British photographer and journalist Graeme Green is the founder of the New Big 5 project, an initiative that sets out to celebrate wildlife while raising awareness of the importance of conservation and the existential threat facing many species. Created with the support of more than 100 photographers, conservationists and leading wildlife charities, the project aims to establish a New Big 5 by identifying the five wild animals people most want to photograph, creating a bucket list of must-see wildlife for travellers, photographers and wildlife lovers.
Where did the New Big 5 idea come from?
I had the idea seven or eight years ago, on assignment in Botswana. Maybe hearing the word ‘shooting’, for taking pictures, sparked something. But the idea grew over time. The original Big 5 was about the five animals that colonial era hunters in Africa found most difficult to shoot and kill. I kept thinking about how outdated and meaningless trophy hunting is to most people now. Whereas wildlife photography is more popular and relevant to people than ever. Photography’s a great way to celebrate wildlife. It’s also a powerful tool to help protect wildlife. A Big 5 of wildlife photography seemed to me like something that deserved to exist. The old Big 5 is about death and the New Big 5 is about life.
What was your motivation behind doing this?
I’ve been travelling the world as a photographer and journalist for 15 years. Over that time, I’ve become more connected to wildlife and the natural world, and more aware of the threats many species are facing. I wanted to do something to help. Our planet is a much better place with these animals than without them.
Talk us through there project - what is your vision for it?
It started with the simple idea of getting the world to decide a New Big 5 of wildlife photography. Shooting with a camera, not a gun. It’s a great conversation starter: what’s your personal Big 5? But I wanted to use that idea to get people thinking and talking about wildlife and highlight the dangers many animals face around the world, from cheetahs, lions, giraffes and elephants to pangolins and little-known species of frogs, penguins, doves, and spiders. A million species of animals and plants face extinction. I hope the project can help make a difference.
The project has support from more than 100 photographers, conservationists and wildlife charities. How did you bring them together?
I was talking to Nat Geo photojournalist Ami Vitale last year. She really liked the idea, gave her support and encouraged me to go full steam ahead with the project. Since then, it’s taken a lot of time to track people down and talk to them, but once I managed to get in contact, people were usually happy to help. Dr Jane Goodall did a great interview for the website and has helped spread the word. Iain Douglas-Hamilton, founder of Save The Elephants, did a great podcast. So many amazing photographers have done interviews, podcasts and got involved; people like Steve McCurry, Nick Brandt, Thomas D Mangelsen, Steve Winter, Marina Cano, Bertie Gregory, Daisy Gilardini. One thing I’m proud of is that the project is really international, with photographers from the UK, US, Peru, France, India, Kenya, Mexico, China. Having the belief and support of so many people has made a huge difference.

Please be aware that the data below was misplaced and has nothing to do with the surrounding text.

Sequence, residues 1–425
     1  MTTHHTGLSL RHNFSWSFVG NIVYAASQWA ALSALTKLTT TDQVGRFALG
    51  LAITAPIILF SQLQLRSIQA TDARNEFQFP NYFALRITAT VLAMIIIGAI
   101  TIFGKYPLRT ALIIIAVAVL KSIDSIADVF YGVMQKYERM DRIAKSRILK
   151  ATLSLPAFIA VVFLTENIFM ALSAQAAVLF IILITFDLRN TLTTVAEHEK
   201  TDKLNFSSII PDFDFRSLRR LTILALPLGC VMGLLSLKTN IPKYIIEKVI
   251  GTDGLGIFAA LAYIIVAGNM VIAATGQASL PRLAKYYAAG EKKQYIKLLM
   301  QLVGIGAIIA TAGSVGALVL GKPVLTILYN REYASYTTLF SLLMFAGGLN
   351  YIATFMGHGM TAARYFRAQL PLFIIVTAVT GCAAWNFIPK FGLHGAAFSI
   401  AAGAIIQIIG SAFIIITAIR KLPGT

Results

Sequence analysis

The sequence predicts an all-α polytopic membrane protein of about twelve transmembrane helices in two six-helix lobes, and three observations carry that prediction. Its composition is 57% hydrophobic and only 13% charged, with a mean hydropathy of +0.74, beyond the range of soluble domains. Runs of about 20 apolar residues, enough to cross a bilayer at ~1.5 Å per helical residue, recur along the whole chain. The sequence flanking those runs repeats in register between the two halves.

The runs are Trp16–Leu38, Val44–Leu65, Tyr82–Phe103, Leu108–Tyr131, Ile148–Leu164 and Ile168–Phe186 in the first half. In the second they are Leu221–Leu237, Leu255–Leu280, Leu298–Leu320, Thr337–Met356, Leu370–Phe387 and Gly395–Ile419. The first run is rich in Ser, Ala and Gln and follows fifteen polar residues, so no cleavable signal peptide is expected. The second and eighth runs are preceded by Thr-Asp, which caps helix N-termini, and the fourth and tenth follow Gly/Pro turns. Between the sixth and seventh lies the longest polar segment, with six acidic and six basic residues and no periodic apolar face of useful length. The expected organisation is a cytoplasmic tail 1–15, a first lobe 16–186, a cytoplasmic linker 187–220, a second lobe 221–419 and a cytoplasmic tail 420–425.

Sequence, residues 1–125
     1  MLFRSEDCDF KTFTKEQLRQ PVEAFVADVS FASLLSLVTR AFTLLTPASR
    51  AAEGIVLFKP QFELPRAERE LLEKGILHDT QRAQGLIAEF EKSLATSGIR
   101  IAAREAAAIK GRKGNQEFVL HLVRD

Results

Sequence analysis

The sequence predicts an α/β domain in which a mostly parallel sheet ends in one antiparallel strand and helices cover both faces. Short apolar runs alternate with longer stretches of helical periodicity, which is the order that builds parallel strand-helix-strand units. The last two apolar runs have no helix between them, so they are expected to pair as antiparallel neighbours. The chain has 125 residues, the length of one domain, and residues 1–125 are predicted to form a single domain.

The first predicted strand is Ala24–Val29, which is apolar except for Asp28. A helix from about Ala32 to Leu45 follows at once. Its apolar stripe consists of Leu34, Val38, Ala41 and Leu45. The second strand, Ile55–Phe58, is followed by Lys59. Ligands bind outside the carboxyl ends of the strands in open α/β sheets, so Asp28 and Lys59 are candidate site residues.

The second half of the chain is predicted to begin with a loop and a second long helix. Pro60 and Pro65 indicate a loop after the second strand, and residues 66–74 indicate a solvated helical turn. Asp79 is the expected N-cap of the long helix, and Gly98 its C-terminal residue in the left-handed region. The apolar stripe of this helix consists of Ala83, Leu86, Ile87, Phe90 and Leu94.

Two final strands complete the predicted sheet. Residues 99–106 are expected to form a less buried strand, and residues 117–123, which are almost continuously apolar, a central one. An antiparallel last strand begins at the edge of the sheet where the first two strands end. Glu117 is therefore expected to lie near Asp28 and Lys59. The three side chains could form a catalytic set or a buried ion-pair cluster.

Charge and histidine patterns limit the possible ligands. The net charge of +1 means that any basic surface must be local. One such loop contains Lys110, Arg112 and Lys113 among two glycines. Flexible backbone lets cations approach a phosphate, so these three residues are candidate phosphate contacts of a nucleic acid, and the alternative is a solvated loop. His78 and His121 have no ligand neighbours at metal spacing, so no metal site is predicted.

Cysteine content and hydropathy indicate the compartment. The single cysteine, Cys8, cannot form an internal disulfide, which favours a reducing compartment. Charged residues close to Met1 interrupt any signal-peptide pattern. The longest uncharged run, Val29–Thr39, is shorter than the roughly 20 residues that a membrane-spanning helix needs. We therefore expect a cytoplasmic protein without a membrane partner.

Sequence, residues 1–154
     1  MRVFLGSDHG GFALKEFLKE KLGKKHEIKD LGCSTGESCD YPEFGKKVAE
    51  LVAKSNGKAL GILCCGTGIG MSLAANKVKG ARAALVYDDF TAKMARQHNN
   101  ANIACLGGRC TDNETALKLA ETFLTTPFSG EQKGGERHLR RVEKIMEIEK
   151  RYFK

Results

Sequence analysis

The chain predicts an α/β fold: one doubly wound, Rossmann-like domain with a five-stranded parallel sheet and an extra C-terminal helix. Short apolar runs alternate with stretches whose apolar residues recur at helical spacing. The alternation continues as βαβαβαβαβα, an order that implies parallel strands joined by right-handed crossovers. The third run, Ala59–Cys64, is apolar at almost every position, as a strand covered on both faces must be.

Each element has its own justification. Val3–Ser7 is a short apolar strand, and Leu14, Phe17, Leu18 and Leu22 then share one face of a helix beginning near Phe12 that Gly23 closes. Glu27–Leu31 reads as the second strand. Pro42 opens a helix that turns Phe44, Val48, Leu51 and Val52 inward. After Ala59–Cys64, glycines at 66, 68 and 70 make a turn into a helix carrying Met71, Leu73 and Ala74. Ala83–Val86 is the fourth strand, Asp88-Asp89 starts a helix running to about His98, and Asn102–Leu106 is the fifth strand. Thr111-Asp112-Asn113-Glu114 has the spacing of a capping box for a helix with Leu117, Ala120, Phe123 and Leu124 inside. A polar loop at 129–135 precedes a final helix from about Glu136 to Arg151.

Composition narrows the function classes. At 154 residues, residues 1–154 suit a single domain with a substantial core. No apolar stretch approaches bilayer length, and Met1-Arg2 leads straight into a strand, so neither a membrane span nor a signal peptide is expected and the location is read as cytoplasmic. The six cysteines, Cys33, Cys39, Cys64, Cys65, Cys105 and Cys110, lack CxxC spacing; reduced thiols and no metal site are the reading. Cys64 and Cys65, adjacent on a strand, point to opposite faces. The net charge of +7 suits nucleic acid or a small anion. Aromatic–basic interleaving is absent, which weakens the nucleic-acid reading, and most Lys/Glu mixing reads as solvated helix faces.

Do you think the project will resonate with people in the wake of the coronavirus outbreak and lockdown? And how do you think the way we value nature could change?
It seems people are more interested in wildlife issues right now than ever before. The coronavirus itself is thought to have come from bats and pangolins in China’s wildlife markets, so people are more aware of the harm we’re causing to wildlife and ourselves. Scientists have been warning about the dangers of zoonotic diseases for more than 10 years. They’re now warning the next pandemic could be even worse if we don’t change our behaviour, not just wildlife markets but also destruction of habitat, which brings people into closer contact with animals and diseases. COVID-19’s also closed down national parks and wildlife areas in Africa, Asia and elsewhere, putting a massive strain on conservation work. Poverty is rising, so poaching is too. Professional poachers are taking advantage of quiet, less protected parks.
This crisis will have long-lasting impacts for people and wildlife. We also recently had the news about the murder of 13 rangers and four civilians in Virunga National Park, a mountain gorilla hotspot in the Democratic Republic of Congo, a reminder that people are risking their lives to save endangered species. And we’ve just had millions of people worldwide watching Netflix’s Tiger King, so people are finding out about the harm of the exotic pet trade, too. There’s been a lot of food for thought. People want to see change in our relationship with wildlife and the natural world. I hope the New Big 5 project can be part of that change.
So, how did you decide on the list of animals to vote from?
It was difficult. We’ve got more than 40 animals, mainly land mammals, to choose from. I talked to photographers and wildlife lovers and tried to include animals that have a good chance of making the final five. The question we ask people is to vote for their five favourite animals to photograph or see in photos. But conservation is central to the project. It’s likely that every one of the animals in the final New Big 5 will be an endangered or critically endangered species, which should be a wake-up call. The world’s favourite species are all facing the risk of extinction.
Tell us about your very first wildlife experience - what memories do you have?